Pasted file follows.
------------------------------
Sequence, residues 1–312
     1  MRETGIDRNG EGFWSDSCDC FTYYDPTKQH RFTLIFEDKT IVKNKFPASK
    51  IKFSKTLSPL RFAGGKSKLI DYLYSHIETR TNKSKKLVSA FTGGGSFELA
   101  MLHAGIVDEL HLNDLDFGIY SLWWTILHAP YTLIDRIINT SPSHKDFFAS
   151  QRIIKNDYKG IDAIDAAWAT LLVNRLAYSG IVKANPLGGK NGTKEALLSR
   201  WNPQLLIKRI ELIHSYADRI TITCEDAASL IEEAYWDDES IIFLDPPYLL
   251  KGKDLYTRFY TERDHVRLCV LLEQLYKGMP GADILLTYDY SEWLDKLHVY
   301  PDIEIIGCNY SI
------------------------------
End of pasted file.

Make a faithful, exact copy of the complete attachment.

Sequence, residues 1–312
     1  MRETGIDRNG EGFWSDSCDC FTYYDPTKQH RFTLIFEDKT IVKNKFPASK
    51  IKFSKTLSPL RFAGGKSKLI DYLYSHIETR TNKSKKLVSA FTGGGSFELA
   101  MLHAGIVDEL HLNDLDFGIY SLWWTILHAP YTLIDRIINT SPSHKDFFAS
   151  QRIIKNDYKG IDAIDAAWAT LLVNRLAYSG IVKANPLGGK NGTKEALLSR
   201  WNPQLLIKRI ELIHSYADRI TITCEDAASL IEEAYWDDES IIFLDPPYLL
   251  KGKDLYTRFY TERDHVRLCV LLEQLYKGMP GADILLTYDY SEWLDKLHVY
   301  PDIEIIGCNY SI